Three candidates have been campaigning to become the next district attorney for the Western Judicial Circuit, which includes Athens-Clarke and Oconee counties. The candidates are two Democrats, acting District Attorney Brian Patterson and Deborah Gonzalez, a private attorney and former Georgia state representative, and nonpartisan candidate Deputy Chief Assistant James Chafin. With early voting already underway and election day one week away, Classic City News offered each candidate the opportuity to make closing arguments to voters, much as they would to jurors at the end of a trial. In alphabetical order, the candidates responded as follows:
"I do swear that I will faithfully and impartially and without fear, favor, or
affection discharge my duties as district attorney and will take only my lawful
compensation. So help me God."
This is the oath you take when you become District Attorney. As the District Attorney, you cannot be partial to any political party or to any agenda – you have to be fair and just regardless of political affiliation. That is why I am running as the only non-partisan candidate. I believe a District Attorney should be elected based on their commitment to serve the
public with integrity, not the political party they belong to. The truth is politics has
nothing to do with the everyday work that goes on in the District Attorney’s office. We prosecute cases and the District Attorney is the top prosecutor in the circuit. We don’t make laws; we enforce them in a fair and just way. We don’t lobby in Atlanta; we present evidence and facts to jurors in our community. We are not politicians; we are fact finders trying to get to the truth in a case.
In order to execute the duties of this job, you have to have experience. Why does
experience matter? Why can’t the first time you handle a criminal case be as the
District Attorney? Prosecuting cases has a lot of facets to it – including assessing
cases, deciding what crimes to charge or if to charge a crime at all, determining
what evidence is admissible at trial, working with victims to make sure they
receive justice, investigating a case further, coming up with a fair resolution for
charges, taking advantage of alternative sentencing in making plea recommendations, trying a case if it isn’t resolved, handling the case on appeal, and even arguing a conviction should be upheld in front of the Court of Appeals or Supreme Court. These are skills you learn over time and get better at, just as with any profession. You cannot perform these duties if you have never done them before; you cannot uphold the law if you don’t know the law.
But experience is important for another reason. It’s important because of what it tells us. Past performance in a job is a predictor of future behavior. I have been trying cases for 21 years and 14 of those years have been right here in the Western Judicial Circuit District Attorney’s Office. That is 14 years of reviewing cases, investigating them, working with victims, making fair plea offers, and trying cases.
You know how I will be as your District Attorney because I have a 14-year record to look
back on. I’m not just saying what I am going to do – I have shown you. If you have never tried a criminal case or worked in law enforcement – then we have no record to review, nothing to determine what you will actually do in the job.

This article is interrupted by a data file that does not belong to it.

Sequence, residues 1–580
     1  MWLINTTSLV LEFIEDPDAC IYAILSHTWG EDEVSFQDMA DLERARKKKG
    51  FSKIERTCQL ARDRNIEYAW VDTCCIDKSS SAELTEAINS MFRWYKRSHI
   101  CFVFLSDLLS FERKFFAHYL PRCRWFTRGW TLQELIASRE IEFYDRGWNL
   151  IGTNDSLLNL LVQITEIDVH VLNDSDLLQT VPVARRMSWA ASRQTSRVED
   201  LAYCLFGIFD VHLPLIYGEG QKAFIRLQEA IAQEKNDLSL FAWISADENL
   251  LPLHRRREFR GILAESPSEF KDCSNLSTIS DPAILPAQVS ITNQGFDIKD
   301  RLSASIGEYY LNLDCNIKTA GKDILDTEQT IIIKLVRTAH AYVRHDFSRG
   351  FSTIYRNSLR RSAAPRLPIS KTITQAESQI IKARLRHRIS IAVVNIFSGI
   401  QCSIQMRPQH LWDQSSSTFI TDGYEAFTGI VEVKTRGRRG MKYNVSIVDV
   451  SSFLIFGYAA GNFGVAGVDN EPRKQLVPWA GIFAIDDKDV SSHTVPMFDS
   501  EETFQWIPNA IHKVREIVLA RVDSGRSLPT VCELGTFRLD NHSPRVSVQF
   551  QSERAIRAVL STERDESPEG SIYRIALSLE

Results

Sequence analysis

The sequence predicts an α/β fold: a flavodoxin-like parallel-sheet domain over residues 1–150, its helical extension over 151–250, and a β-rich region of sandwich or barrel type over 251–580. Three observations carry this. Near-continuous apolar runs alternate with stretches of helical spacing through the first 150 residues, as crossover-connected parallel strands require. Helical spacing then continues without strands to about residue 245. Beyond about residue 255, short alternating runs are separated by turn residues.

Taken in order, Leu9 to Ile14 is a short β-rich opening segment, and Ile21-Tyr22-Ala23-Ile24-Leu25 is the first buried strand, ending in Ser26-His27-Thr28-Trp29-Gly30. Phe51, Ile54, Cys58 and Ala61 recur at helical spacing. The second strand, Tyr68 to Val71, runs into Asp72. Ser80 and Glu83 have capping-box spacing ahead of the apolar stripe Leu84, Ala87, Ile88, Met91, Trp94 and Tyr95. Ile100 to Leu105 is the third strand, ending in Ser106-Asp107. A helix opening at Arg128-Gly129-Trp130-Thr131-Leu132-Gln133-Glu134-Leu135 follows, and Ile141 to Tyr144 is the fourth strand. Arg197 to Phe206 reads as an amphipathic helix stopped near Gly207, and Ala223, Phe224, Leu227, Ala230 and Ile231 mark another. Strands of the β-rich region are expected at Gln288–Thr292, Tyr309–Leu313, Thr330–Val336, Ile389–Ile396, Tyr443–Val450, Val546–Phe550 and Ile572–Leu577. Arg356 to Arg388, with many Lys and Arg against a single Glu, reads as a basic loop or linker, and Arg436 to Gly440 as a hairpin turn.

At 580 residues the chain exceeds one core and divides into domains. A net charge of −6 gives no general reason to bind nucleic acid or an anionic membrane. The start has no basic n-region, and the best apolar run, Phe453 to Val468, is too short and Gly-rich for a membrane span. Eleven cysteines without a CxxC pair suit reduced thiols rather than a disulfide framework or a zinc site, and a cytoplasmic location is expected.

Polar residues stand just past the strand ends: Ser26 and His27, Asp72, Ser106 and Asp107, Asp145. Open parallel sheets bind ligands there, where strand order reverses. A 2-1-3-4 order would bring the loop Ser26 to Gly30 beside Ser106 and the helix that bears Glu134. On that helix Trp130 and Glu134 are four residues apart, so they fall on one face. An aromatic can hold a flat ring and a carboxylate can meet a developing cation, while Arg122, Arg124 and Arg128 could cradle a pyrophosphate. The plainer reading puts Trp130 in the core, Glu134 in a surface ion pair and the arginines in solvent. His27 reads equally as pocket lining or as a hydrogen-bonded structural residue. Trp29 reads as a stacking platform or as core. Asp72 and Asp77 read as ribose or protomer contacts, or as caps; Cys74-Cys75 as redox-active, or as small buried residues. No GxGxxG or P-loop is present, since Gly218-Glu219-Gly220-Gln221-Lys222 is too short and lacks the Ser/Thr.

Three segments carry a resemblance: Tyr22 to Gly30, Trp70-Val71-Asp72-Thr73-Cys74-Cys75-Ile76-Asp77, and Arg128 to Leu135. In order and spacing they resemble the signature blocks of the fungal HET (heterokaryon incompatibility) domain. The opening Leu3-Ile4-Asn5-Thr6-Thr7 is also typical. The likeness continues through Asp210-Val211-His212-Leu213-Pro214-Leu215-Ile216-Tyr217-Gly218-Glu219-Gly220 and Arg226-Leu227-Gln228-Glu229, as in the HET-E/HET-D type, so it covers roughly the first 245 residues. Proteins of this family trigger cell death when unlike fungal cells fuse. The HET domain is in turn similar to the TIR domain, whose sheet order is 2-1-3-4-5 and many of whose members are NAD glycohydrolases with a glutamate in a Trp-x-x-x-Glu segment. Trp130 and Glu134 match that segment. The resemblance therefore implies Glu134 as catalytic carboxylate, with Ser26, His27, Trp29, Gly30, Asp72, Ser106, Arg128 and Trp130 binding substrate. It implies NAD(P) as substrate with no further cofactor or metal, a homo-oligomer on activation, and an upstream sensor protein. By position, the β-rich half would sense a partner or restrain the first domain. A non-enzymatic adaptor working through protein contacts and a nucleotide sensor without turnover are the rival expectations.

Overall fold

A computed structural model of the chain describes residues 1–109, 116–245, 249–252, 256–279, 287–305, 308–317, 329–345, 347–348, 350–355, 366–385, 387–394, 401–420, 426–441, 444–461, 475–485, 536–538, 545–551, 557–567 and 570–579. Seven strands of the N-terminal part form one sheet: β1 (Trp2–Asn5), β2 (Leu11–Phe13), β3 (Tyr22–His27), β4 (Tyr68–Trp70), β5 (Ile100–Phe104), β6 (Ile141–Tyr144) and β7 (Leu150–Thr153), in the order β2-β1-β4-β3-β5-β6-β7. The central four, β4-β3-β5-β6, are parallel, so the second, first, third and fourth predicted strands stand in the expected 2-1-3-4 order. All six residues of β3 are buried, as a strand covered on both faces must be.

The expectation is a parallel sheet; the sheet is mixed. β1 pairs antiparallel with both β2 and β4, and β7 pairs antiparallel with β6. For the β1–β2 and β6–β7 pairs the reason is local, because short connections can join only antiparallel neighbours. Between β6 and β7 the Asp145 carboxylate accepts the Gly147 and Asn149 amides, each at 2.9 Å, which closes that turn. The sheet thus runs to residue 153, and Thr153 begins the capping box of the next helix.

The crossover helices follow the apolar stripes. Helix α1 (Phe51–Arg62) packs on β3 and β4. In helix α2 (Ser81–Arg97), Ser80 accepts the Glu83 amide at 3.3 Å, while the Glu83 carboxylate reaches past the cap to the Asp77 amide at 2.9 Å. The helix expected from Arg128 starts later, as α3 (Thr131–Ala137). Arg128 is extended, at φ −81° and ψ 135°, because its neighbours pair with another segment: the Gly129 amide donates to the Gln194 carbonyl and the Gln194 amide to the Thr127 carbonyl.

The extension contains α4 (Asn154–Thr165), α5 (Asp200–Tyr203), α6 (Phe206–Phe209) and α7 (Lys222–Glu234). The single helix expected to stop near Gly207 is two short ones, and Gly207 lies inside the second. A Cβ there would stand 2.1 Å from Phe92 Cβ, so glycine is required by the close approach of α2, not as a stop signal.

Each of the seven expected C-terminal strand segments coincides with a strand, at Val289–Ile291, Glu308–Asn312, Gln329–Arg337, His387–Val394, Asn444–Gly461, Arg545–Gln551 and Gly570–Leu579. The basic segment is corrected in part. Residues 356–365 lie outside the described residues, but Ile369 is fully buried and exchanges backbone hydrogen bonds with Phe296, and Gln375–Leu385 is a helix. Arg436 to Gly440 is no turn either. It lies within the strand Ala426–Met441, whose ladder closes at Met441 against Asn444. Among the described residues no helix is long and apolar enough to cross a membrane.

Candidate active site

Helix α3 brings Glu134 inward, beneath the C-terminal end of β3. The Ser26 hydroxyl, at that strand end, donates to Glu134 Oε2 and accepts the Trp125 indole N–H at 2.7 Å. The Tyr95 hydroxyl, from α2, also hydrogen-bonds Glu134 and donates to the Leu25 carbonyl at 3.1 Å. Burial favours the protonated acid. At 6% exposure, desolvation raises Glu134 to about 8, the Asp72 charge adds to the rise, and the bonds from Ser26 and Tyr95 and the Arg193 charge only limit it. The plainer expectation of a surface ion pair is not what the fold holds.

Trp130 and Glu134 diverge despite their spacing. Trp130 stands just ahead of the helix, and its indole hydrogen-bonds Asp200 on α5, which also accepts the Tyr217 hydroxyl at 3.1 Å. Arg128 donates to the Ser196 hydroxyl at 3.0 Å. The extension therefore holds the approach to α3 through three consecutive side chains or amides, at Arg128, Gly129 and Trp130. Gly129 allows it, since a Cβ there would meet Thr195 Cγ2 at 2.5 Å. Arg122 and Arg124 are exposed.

What does my record look like? I have tried over 100 jury trials in my career. I
have served this community faithfully since 2006 as an Assistant District Attorney.
I have worked my way up, learning and gaining years of experience to prepare me
for this day. I have tried some of the most difficult and darkest cases that our
community has ever seen. I have worked with countless survivors of violent
crime. I have given them a voice in front of juries in courtrooms for years. I have
listened to them as they describe the worst experiences of their lives. I have
stood by those survivors as they found the courage to stand up and face the
people that have harmed them.
Of course, this job is not just trying the cases; it is also teaching and evaluating others to do the work too. I have mentored new prosecutors to help them develop the skills they need to do this very challenging job. I have been teaching others how to try cases for more than a decade.
I know the challenge of the job and I can step in and step up on day one. I am not the best candidate just because of my experience but also because of my commitment to improving this community. I believe that we can do more in the District Attorney’s Office. I have seen the impact that the criminal justice system has on our young people, our families and our community. I believe we should expand pretrial diversion programs to keep first time offenders out of court and help them learn the tools they need so that they are unlikely to reoffend.
I believe we need to continue to focus on our treatment courts to help those who struggle with addiction, mental health, and poverty. A youth offender program would allow non-violent youthful offenders to improve their life stills and keep them out of the justice system.
Finding the balance between holding people accountable for their decisions while working with them to get help and give them the resources they need to make better choices in the future is a worthwhile endeavor. We have seen the fruits of that labor and we need to
continue to invest in these programs and invest in the people who will benefit from them.
I also believe the District Attorney should be proactive and not just reactive. Criminal street gangs have become a problem. We need to eradicate them. By engaging children early and often within the school system we can show our youth there is a better course for their life than falling prey to gangs that recruit at a very early age. Finally, I believe we need to offer workshops to first-time, non-violent offenders so they can begin the process of removing first-time offenses from their records, leading them to clean records, better jobs, and
reduced chances of getting in trouble again.
Before voters make up their mind, they need to fast forward to January 4, 2021.